Vince is stubborn and doesn’t seem to realize that other people have different sets of knowledge, likes, or dislikes than himself. He’s come up to some of his writers on planes and was baffled why they were watching movies on a portable DVD player instead of WWE wrestling.
He didn’t understand why “Pirate” Paul Burchill was a good guy, despite Pirates of the Caribbean being a big thing at the time, because Vince hadn’t gone to see the movies, and because of that was quite adamant that no one went and saw the movies.
As a result most WWE writers are writing for an audience of one: Vince McMahon himself.
With there being so many entertainment options for people to consume, TV viewership overall is down somewhat, and the viewership losses WWE is taking also comes in part from this.
The problem is that while the WWE is creatively bleh, financially they are doing quite well. So there’s no real drive to improve the quality of their writing.
And they don’t really need to. WWE itself has a fix for that. It’s called NXT. Ostensibly it’s their development product, getting people ready for the main WWE shows. But in practice it’s the superior creative product.
As best I know Vince is completely hands off with it, letting his daughter Stephanie and her husband Triple H run it.
I find it superior to the WWE in pretty much every way. The storylines are better, the wrestling is better, the wrestlers seem to be used more to their strengths. There’s only a handful of high level NXT guys that have made the jump to full on WWE that I’ve felt were handled better on the main roster than they were in development.
When Vince retires, or more likely when Vince dies because I don’t think he’ll ever be happy with retiring, oversight of the main WWE shows is going to go to Triple H and Stephanie, and that’s when I think we’ll see the quality improve.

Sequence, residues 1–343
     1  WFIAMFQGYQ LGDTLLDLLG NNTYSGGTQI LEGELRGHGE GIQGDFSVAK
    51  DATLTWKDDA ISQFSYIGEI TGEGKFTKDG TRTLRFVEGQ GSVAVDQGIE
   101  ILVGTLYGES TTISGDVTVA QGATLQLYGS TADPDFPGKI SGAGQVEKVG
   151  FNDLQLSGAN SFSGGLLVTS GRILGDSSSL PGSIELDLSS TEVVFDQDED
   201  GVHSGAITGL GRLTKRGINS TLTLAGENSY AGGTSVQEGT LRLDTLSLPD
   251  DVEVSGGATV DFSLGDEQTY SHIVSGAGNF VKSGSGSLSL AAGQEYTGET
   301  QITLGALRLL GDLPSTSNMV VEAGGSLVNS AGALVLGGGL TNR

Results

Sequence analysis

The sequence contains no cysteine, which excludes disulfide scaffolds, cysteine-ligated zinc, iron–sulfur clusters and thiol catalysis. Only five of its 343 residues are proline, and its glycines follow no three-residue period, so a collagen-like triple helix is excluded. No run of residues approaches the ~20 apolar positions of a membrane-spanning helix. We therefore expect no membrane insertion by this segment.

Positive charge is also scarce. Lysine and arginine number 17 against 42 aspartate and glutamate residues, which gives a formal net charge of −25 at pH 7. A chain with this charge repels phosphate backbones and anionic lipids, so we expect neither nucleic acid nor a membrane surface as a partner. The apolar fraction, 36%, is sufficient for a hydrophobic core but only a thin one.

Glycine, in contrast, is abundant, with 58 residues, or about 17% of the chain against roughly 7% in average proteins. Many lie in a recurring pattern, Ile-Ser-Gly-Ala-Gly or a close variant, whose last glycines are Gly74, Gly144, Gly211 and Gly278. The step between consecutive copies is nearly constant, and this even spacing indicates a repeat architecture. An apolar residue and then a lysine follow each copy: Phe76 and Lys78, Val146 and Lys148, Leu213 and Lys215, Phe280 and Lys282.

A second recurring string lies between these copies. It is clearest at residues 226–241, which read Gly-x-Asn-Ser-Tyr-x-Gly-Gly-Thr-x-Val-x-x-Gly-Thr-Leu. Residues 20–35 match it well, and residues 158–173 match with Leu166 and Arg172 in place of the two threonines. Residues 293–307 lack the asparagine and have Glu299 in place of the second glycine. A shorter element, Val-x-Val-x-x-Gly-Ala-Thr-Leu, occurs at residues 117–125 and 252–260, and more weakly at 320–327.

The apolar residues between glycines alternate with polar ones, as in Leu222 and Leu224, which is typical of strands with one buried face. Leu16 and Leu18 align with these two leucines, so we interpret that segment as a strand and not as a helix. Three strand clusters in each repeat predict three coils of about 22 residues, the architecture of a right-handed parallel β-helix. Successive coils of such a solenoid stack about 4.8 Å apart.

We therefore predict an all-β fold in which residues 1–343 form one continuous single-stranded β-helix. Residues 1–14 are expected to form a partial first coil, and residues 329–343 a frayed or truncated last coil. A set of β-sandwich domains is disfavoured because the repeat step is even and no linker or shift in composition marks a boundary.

What It’s Like To Be Withdrawn From Society
For me, it’s less that I’ve been rejected or bullied and more that living in American society gives me an uncomfortable feeling of cognitive dissonance. It’s kind of a terminal situation as I’ve tried to make the best of things but the only thing that really helped was when I was living in a hippie commune (which wasn’t sustainable long term because I have responsibilities like aging parents). I just don’t like our culture and I don’t like our lifestyle. I’m not suited to it. But more than that, I think the way we live is morally wrong in too many ways to enumerate here, in too many ways to cope with some of the time. Living the life I need to live to get by is painful to me. I’m fundamentally uncomfortable with the basics of what we’ve built as a civilization. I hate cars or cities that are built around cars (the sounds they make are really abrasive to me- it’s just one of those things that’s like nails on a chalkboard and you can’t explain why), I hate having to give my time and labor to make someone else rich, I hate working just to spend my money on nonsense, I hate the anti-intellectualism of American culture, I hate the hyper capitalistic antisocial nature of our economy, I find American politics deeply offensive and can’t tolerate discussing or hearing about the events of the day, I hate that nobody notices that to live you have to go into debt and that the powers that be want you to go into debt so that you’re a slave to them, I hate commuting, I hate that most recreational activities in the US are centered on consumer culture, I hate that your life is an endless hamster wheel of being funneled from one sterile air-conditioned isolated box to the next, I hate the idea of the nuclear family, I hate the rat race, I hate the suburbs and the unethical quantity of space/resources Americans feel entitled to, I hate the life of quiet desperation that most of us are living. Just generally, I don’t jive with 99% of the norms in our culture. I just don’t like what this particular life has to offer, and if I had the option I would opt out of society completely and spend most of my hours in blissful silence/solitude whilst petting my cat and tending my garden. I think most of us feel this way on some level, it’s just that some of us are better at shoving down the feeling and going through the motions, either because we’re afraid or because we numb ourselves to it.